I've been working on this carving off and on (mostly off, to be honest) since last December. I had wanted to carve a wooden chain pretty much since I started taking my dad's carving classes, just to see if I could do it - and now I have so I never have to do it ever again.
I was getting thoroughly sick of carving on it by the end!
I'm really glad I made it, though. I like it a LOT more now that it's finally finished.
I started with a piece of basswood that was 2" square by 12" long and used a table saw to remove all four corners (giving it a plus-sign shaped cross section). Then I traced out my links with a cardboard template I had made and started roughing them out.
I decided to put a key on one end and a lock on the other, to give it a bit of visual interest. Here's how it looked after working on it for one class (about two hours):
My first free link!
Taking out more unnecessary wood...
And then there was a lot more of that. It stopped being exciting and turned into drudgery so I quit taking pictures until I got all my links free:
Then there was a lot of cleaning up and rounding of corners and other things that take a very long time but are not all that interesting to see. Here's the end result!
When my dad makes wooden chains, he always sands them down nice and smooth, but I wanted it to be perfectly clear that this chain was painstakingly hand-carved
out of wood
so I left all the whittle marks and didn't sand it at all.
I finished my chain with a mix of linseed oil and mineral spirits to bring out the grain.
Oh, and the key fits in the keyhole. TUTORIAL
1. Find some wood you like! I like basswood.
2. Draw a plus sign on each end and connect them. (You'll be cutting out the gray bits.)
3. Cut off all the corners so it looks like this:
4. Make templates! Your links should be as wide as your wood.
5. Cut out what's between the red dotted lines, because you'll be putting the templates up against that plus sign shape.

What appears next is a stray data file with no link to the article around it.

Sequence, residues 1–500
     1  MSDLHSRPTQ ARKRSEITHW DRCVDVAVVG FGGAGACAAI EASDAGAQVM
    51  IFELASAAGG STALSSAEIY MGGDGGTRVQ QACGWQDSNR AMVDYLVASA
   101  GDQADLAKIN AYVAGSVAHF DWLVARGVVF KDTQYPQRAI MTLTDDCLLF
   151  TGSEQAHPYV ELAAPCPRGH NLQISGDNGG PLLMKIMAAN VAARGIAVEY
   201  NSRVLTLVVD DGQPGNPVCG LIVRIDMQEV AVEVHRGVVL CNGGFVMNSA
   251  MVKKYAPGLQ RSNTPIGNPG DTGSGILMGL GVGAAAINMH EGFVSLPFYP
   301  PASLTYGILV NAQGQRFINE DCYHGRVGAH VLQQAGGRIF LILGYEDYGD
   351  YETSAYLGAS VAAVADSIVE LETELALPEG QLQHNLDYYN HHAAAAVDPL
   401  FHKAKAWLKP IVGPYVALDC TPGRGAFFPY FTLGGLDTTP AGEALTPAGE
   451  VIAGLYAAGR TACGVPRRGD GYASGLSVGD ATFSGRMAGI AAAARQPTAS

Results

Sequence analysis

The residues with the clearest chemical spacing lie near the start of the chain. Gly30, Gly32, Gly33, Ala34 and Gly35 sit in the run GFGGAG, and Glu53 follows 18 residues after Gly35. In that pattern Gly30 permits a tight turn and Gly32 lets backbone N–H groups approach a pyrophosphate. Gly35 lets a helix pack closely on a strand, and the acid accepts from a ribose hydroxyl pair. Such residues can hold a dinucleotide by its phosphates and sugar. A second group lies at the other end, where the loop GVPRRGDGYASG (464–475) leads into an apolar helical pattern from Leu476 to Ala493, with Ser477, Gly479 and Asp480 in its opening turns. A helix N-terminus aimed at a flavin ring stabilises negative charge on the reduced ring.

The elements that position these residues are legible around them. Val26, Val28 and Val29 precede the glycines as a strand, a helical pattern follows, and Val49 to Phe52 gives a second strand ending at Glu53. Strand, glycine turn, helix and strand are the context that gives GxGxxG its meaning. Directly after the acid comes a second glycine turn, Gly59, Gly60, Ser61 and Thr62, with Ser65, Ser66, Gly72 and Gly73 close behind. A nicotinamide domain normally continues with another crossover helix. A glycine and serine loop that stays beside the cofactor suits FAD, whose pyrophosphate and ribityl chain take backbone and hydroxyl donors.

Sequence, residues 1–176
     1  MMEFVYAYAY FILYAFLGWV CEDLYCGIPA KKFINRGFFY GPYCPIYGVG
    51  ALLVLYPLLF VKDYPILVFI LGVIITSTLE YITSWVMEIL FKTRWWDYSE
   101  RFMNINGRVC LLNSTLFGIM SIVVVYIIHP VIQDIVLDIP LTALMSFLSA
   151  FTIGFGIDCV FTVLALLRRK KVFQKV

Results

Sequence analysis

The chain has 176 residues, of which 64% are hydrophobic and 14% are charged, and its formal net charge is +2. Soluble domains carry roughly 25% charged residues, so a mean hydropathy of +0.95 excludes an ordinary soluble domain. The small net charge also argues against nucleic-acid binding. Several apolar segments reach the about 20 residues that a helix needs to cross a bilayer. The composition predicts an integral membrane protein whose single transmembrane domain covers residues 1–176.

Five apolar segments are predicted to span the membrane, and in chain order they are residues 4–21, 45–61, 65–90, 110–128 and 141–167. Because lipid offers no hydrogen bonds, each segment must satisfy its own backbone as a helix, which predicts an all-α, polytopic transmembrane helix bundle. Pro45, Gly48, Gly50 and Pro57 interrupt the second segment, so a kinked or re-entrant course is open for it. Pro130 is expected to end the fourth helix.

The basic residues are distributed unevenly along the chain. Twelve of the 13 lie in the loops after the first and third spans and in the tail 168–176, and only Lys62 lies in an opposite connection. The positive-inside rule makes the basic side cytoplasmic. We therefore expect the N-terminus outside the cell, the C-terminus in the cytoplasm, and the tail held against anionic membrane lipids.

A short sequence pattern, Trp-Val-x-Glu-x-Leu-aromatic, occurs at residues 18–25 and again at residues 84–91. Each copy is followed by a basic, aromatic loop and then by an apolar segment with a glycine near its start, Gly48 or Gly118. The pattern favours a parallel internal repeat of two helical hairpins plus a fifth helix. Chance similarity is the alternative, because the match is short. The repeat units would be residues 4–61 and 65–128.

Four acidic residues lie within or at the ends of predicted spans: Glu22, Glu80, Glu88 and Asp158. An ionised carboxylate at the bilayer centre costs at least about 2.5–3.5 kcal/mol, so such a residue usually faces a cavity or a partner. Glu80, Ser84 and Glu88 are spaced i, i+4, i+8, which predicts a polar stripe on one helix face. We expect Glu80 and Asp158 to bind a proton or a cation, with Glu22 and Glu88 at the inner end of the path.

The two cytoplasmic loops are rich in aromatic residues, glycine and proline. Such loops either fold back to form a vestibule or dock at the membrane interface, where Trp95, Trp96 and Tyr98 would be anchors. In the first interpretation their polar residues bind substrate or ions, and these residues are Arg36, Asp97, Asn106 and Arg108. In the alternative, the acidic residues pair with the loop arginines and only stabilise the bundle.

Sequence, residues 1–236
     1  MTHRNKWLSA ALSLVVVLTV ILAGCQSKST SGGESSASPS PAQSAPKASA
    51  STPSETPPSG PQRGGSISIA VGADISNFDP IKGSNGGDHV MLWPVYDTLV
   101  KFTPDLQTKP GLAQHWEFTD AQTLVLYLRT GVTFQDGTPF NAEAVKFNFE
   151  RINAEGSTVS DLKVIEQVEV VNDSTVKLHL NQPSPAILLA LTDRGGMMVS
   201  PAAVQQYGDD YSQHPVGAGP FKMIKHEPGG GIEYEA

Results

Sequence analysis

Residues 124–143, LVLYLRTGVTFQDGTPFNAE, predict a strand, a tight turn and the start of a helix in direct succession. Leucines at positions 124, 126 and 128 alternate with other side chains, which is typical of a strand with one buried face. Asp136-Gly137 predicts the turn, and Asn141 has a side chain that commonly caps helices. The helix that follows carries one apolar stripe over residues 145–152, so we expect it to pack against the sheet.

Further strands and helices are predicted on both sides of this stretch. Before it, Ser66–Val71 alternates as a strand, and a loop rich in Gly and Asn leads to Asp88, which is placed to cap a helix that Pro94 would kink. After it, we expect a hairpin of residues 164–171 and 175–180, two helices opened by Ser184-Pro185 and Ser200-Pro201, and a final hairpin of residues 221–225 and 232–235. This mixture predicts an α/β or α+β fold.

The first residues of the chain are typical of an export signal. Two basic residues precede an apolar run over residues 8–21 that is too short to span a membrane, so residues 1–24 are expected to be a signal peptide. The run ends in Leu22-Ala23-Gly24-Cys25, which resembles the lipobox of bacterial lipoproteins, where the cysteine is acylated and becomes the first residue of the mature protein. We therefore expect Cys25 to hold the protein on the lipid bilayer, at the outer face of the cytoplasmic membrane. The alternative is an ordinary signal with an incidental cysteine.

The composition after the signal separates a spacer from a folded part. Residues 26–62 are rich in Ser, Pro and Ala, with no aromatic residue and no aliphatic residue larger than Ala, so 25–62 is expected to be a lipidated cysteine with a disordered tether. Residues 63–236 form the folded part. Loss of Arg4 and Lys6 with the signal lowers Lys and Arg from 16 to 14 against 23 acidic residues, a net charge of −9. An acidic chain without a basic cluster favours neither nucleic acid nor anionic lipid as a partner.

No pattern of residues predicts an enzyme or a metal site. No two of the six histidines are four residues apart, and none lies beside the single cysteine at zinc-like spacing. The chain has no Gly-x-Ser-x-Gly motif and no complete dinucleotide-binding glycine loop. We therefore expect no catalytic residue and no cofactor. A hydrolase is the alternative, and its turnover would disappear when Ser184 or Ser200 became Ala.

6. Trace the templates onto all sides of your wood. Make sure you leave enough room between the links!
7. Roughing out! Cut up to the lines on the outside of your links. Also cut off the unnecessary sticky-up bits on your lock and key.
8. Cut out the gray bits. (V-shaped gouges are useful here.) Work from both sides.
9. Draw in the missing parts of your links so you don't accidentally cut off the curved edges.
10. Here comes the tricky bit. Using your smallest gouge and/or a knife with a thin blade, take out little nibbles of wood until you've separated each link from its neighbors. Work from all sides and pay attention to where the back end of your knife blade is, it's easy to gouge something you're not supposed to while you're concentrating on where the point is going.
11. When your link is free, smooth off the inside and outside of the curve so it looks like your original template. Try to carve with the grain rather than against it - so on the outside of your link, carve from the side toward the top or bottom, and on the inside of your link, carve from the top or bottom toward the side.
12. Repeat all the necessary steps until every link is free. Yay!
13. Drill a hole in your lock with a 1/2" bit, and drill a hole in the head of your key with a 3/16" bit. Use your knives and small gouges to carve out the rest of the key head and the bottom of the keyhole.
14. Round off all your links (keeping in mind the direction of the grain as you carve!), thin down the head of the key, make sure the key can fit in the keyhole, and just generally clean everything up. Try to carve off any remaining sawed surfaces because they'll take a finish differently than your carved surfaces will.
15. OPTIONAL: Sand everything nice and smooth. (I skipped this step 'cause I figured if I wanted a nice smooth chain I could just go to the hardware store and buy one.)
16. Finish your chain! Stain it if you want, or paint it, or just put linseed oil on it like I did. Marvel at how much it's stretched since you started.
17. Show it off.